Root Beer Float

This may not look like your traditional root beer float, but that’s OK, this ISN’T your traditional root beer float!


THIS is a root beer float made with homemade root beer AND homemade vanilla ice cream – sweet! About a month or two ago I finally got around to making a batch of Gnome homemade root beer inspired by the success Garrett had with his root beer. I discovered a few things: I don’t drink enough root beer/soda to make a keg (5 gallons) without having a plan to get rid of a lot of it, I need to over-carbonate my soda to run on my system since I only have one dispensing pressure which is below typical soda carbonation levels, and I need to tweak the recipe to help with head-retention. I am actually looking forward to making it again, I just still have to make it through this first batch. The batch was on tap pretty long, so I decided to bottle it to make room for real beer. Even after being on tap for as long as it was I got almost a case and a half of bottles, which means I only drank just more than a 1/4 of the keg, sheesh.

But, after making root beer I had to make a root beer float! I was going to go out and buy a pint of some premium vanilla, like Haagen-Dazs or Ben & Jerry’s or something else I like that I never get, but then I remembered that I had an ice cream maker at my mom’s house which I never use. So after getting everything ready with the maker I followed a recipe and went for it. The first time I made ice cream (like 5+ years ago) I remember it tasting like eggs (yuck!), which is kind of what turned me off of homemade ice cream, so I searched for a recipe with no egg (normal ice cream base contains milk, cream, sugar, egg yolk, plus flavoring). I found a recipe on the Food Network website from Alton Brown, who is one of my favorites, that didn’t use egg, so I went for it. Here is the recipe:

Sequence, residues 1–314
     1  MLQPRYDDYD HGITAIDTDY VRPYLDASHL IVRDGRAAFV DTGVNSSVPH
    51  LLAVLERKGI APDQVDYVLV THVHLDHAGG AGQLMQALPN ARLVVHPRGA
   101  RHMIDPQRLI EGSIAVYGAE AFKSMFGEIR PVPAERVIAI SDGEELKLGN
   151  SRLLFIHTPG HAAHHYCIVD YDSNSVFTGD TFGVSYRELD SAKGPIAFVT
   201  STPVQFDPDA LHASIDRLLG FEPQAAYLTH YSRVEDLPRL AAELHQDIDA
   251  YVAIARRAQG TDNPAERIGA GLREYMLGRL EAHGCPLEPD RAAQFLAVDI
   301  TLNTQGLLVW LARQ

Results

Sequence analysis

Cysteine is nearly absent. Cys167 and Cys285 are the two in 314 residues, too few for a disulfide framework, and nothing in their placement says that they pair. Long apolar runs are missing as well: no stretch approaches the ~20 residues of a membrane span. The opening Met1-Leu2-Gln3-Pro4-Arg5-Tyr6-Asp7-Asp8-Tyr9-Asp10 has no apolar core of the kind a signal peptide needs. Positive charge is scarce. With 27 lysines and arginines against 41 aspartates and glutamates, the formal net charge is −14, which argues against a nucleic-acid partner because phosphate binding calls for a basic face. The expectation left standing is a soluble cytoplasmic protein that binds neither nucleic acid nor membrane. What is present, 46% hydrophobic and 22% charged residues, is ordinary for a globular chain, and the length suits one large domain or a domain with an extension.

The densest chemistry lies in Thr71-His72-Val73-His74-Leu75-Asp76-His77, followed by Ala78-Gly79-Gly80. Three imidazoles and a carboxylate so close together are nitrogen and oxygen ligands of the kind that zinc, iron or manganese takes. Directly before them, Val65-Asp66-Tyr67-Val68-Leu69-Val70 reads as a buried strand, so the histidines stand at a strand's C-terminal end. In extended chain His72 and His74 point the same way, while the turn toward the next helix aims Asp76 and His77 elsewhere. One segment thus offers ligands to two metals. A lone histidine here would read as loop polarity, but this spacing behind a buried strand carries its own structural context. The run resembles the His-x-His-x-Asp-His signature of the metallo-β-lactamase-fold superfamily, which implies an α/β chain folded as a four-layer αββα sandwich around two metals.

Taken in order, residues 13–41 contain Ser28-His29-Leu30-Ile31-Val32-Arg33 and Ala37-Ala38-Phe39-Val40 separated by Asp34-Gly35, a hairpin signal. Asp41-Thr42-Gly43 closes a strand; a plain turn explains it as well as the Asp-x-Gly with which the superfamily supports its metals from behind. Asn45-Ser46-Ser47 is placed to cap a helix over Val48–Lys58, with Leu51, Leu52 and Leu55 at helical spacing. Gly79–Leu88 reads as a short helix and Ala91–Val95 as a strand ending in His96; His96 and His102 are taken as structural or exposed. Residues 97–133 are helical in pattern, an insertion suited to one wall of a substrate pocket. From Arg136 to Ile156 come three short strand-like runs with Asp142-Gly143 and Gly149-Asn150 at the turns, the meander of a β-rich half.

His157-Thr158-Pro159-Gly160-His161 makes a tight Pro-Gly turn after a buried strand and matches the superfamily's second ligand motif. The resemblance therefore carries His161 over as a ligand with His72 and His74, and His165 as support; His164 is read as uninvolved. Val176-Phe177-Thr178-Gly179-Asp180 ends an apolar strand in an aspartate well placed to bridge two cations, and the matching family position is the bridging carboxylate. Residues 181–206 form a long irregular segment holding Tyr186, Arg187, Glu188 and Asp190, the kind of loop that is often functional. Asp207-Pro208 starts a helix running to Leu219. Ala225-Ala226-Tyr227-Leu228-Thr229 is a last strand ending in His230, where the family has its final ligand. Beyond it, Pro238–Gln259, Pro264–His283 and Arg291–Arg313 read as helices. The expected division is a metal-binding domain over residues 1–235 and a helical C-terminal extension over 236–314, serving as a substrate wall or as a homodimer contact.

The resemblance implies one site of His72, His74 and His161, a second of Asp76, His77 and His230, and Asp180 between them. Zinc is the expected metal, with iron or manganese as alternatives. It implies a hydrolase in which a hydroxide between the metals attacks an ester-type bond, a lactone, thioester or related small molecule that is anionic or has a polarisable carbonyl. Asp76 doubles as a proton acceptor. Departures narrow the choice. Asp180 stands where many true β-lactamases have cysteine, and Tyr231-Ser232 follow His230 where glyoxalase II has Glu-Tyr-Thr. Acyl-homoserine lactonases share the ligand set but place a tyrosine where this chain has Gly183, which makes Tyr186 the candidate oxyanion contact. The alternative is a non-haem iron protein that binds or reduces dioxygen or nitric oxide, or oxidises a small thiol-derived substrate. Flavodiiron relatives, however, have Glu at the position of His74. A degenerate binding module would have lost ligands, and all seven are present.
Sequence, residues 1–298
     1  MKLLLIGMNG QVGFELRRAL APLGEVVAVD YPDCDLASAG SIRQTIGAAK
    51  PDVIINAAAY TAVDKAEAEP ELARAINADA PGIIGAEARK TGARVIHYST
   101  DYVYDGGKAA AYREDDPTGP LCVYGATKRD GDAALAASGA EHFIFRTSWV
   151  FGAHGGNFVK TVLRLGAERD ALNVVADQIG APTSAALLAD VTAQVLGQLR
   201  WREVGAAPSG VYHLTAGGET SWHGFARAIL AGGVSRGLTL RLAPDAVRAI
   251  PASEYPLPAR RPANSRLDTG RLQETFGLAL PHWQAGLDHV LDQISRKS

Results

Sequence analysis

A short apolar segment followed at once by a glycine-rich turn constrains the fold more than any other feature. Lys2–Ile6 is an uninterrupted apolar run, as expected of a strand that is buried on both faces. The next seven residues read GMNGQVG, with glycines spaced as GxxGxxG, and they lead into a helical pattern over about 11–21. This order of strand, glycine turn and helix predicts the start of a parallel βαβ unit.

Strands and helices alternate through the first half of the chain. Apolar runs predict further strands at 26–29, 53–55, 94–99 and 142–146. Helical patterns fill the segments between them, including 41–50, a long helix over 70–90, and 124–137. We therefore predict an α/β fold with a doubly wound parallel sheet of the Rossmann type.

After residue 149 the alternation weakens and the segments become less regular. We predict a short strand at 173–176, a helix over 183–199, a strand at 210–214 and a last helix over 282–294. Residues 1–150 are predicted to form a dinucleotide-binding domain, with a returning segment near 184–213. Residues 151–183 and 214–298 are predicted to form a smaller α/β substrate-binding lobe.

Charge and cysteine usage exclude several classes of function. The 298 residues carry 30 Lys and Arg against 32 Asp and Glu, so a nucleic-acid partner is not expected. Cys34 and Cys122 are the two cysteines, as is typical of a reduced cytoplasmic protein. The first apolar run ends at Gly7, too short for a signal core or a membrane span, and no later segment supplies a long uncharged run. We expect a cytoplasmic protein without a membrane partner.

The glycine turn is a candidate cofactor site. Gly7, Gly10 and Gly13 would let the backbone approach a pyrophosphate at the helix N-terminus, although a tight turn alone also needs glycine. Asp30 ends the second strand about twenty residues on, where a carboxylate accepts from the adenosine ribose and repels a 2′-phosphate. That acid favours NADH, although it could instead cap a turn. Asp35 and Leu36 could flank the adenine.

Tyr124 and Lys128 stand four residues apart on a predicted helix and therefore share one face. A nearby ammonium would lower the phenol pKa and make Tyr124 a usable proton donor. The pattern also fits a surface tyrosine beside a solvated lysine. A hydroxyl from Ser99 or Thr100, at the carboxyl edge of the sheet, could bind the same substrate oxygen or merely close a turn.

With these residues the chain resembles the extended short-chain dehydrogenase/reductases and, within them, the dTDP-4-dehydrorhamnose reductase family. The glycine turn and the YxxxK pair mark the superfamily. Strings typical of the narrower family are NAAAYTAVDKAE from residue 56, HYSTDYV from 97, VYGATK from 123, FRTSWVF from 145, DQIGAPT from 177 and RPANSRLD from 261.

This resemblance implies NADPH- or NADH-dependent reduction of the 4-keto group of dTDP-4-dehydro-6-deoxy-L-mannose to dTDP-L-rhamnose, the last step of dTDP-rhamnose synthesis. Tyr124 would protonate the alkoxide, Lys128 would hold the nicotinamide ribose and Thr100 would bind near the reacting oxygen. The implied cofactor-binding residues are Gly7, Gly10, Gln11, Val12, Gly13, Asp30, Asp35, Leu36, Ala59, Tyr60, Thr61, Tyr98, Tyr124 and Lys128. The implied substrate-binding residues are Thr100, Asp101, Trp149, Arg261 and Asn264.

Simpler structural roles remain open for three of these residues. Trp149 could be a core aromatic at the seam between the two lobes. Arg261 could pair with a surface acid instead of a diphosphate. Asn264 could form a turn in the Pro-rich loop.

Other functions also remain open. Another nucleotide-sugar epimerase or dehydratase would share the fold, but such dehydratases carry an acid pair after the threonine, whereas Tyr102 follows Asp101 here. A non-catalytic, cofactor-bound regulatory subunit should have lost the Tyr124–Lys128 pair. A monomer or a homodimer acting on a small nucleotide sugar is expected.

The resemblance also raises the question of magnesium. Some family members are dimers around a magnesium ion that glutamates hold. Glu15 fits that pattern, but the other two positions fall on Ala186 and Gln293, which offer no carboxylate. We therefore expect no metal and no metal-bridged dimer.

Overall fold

* 2 cups half-and-half
* 1 cup whipping cream
* 1 cup minus 2 tablespoons sugar
* 2 tablespoons peach preserves (not jelly)
* 1 vanilla bean, split and scraped


Combine all ingredients (including the bean and its pulp) in a large saucepan and place over medium heat. Attach a frying or candy thermometer to inside of pan. Stirring occasionally, bring the mixture to 170 degrees F. Remove from heat and allow to cool slightly. Remove the hull of the vanilla bean, pour mixture into lidded container and refrigerate mixture overnight to mellow flavors and texture.

Freeze mixture in ice cream freezer according to unit’s instructions. The mixture will not freeze hard in the machine. Once the volume has increased by 1/2 to 3/4 times, and reached a soft serve consistency, spoon the mixture back into a lidded container and harden in the freezer at least 1 hour before serving.

Looks kind of weird, right – peach preserves in vanilla ice cream? I poked around online and it appears as if the preserves substitute the action of the egg yolks through the pectin in the preserves. I’m not sure how it all works, but I do know that the vanilla ice cream did NOT taste like peach or eggs – bonus. Actually, the ice cream was very vanilla flavored and quite good for my “first” attempt at home made ice cream. It was a little bit grainier than I like my ice cream and our freezer kept it a little bit softer than I like mine, but all in all – major success.

So, thus the true homemade root beer float. No I didn’t use all crazy roots and suck to make my root beer, but I also didn’t milk my own cows or make my own preserves. And on that note, the homemade root beer float got me thinking what else I could make “from scratch”. I think I will try to make a peanut butter and jelly sandwich all from scratch, I think that would be cool. Make my own peanut butter (have done it), make my own jelly (have done it), and make my own bread (have done it) all together and see how MY sandwich compares to what I would make from the store. I have a sneaky suspicion that this is going to be a lot more work with lack-luster results, we shall see.

One Response to “Root Beer Float”

  1. Fool Circle – Artisanal Ales » Blog Archive » Irish Red & Coffee Says:

    […] me both ice creams I have made so far have been very flavorful, the Vanilla was very vanillay and the Coffee was very coffeey – but the coffee, the second ice cream, had […]

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